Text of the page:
By Bijon Pani, Chief Investment Officer, NJ Asset Management Private Limited
Factor investing is a method of choosing stocks (or other asset classes) using a predefined set of rules or parameters. The science of how to choose these parameters is what determines how successful the factor is in future. When choosing a factor, one needs to make sure they are robustly constructed, should work across multiple countries, and have a sensible rationale on why it works.
Factors offer a way of segregating a diversified portfolio returns (such as those of a fund manager you might like) into its various factor components and what then remains unexplained is the contribution of the manager.
The first example of using factors to explain returns comes from the CAPM model which showed risk and return in terms of the market exposure. But the CAPM left a lot of the return unexplained. There were multiple influential academic papers which put forth other factors such as value and size to explain returns.
It was Fama and French in 1993 who conceived a simple framework to think about returns in terms of factors. They added two powerful factors: value and size to the existing market return factor. It was further enhanced by Carhart to include momentum.
The four factor model became the bedrock of performance and risk analysis of fund management for many decades. Over time as the computing power became faster and more accessible, the academic research into factors exploded as crunching data became easier. The latest innovation uses machine learning, natural language processing and alternative datasets. There are now hundreds of documented parameters, even though most of them fall into one of the four factor styles: value, quality, low volatility and momentum.
John Cochrane, a leading academician who studies factors, rightly calls this the factor zoo. The job of a practitioner has been made hard as newer parameters keep getting reported that promise better returns compared to the older ones. It is especially more nuanced and harder when it comes to factor investing in India. This is because India suffers from two big issues.
Firstly, liquidity is a big problem beyond a certain number of stocks and when one is constructing factors, you need a large enough universe to measure the factor premiums and construct portfolios. This job gets harder if the universe has illiquid stocks as one may end up including stocks in portfolios that cannot be easily invested in.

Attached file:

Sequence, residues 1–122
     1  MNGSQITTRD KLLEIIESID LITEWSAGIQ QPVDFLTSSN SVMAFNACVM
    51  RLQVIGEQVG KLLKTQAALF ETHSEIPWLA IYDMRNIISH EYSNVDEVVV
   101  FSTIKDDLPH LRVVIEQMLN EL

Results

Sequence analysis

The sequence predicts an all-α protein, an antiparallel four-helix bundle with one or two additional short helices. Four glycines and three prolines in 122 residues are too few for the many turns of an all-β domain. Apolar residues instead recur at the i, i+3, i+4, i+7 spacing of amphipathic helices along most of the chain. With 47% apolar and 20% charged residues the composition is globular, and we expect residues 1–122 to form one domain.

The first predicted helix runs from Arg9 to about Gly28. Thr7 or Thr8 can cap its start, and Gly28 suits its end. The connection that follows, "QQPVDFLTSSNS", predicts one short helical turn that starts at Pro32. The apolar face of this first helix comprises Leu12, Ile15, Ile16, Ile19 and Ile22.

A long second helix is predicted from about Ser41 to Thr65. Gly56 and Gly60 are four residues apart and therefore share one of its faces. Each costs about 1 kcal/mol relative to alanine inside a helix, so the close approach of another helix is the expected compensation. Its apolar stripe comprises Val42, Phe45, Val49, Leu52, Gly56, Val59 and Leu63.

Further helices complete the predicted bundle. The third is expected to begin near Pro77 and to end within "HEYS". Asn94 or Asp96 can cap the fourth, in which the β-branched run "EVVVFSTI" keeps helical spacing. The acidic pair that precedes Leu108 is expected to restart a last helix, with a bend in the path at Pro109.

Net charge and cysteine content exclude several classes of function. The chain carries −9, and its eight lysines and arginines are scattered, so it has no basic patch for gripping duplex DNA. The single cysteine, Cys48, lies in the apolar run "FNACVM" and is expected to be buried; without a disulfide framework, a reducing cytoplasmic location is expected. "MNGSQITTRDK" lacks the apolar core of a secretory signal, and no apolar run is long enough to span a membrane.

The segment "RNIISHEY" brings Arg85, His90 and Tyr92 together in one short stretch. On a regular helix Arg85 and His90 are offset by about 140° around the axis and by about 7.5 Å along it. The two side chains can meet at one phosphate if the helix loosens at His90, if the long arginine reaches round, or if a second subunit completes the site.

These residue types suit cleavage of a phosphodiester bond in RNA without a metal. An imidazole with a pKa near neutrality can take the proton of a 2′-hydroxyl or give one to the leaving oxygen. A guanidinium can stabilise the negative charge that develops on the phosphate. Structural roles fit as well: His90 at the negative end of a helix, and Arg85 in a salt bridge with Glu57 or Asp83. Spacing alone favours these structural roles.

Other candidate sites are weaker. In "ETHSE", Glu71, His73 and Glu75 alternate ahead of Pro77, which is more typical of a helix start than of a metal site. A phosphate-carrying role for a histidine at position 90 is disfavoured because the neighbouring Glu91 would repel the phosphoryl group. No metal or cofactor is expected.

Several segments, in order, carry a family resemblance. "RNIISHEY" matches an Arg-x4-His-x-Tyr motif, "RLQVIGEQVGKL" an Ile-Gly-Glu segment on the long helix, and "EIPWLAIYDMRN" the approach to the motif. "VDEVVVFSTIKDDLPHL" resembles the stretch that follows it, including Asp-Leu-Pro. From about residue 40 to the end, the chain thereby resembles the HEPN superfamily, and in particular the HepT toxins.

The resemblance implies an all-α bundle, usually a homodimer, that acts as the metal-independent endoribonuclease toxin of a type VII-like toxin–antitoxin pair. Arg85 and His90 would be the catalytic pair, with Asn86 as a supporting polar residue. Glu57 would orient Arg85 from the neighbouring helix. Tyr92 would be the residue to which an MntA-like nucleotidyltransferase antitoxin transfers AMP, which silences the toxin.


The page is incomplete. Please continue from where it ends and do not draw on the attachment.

Secondly, factor construction requires long clean data and we often suffer from inadequate and patchy data. This requires the skills of an experienced professional who can craft the factors specific to the Indian markets without losing the essence of it. It is, after all, very easy to fall into the data-mining trap and construct parameters that have worked in the past but may not in the future.
Once factors became common in the developed world, they made the life of traditional fund managers even more challenging. It wasn’t easy beating the market index, but now with added factors, the overwhelming majority (more than 90 per cent by some research) couldn’t beat a portfolio constructed using factors.
Morningstar India research found that only 26 per cent large cap discretionary funds could beat the benchmark over the past 10 years. The average alpha was a mere 1.15 per cent. This alpha may have been negligible if we added other factors in the regression. The future of fund management in India will be very similar to that of the west, we will see active factor based funds giving a strong competition to discretionary fund managers in providing better risk adjusted returns. The charts shows the performance of various factors and an equal weight multifactor portfolio (constructed from the 4 factor indices published by NSE) compared to the market over the last 10 years. Readers will notice that the performance of various factors and the multifactor model was better than the index during this time. On a risk adjusted basis, the numbers are even better.
Our retail participation in mutual funds is very low, over the near future as more money flows into funds, quant funds will not just grow along with traditional funds but also increase their market share. A rule based approach allows the parameter to be backtested and see how it has performed over various business cycles. This provides an added confidence in the risk and return structure of the portfolio.
The only word of caution we would like to add is that even though rule based investment strategies will grow rapidly in future, it would mostly be in the active approach where effort is invested in studying factors in the Indian context. Simply copying parameters from the developed market into India may not work very well, so rule based strategies need to be constructed keeping in mind the idiosyncrasies of Indian markets, not just replicating an index.
Factor. investing has moved from being a fundamental concept of academic finance to the next disruptor in fund management.
(Disclaimer: The views expressed above are the author’s own views.)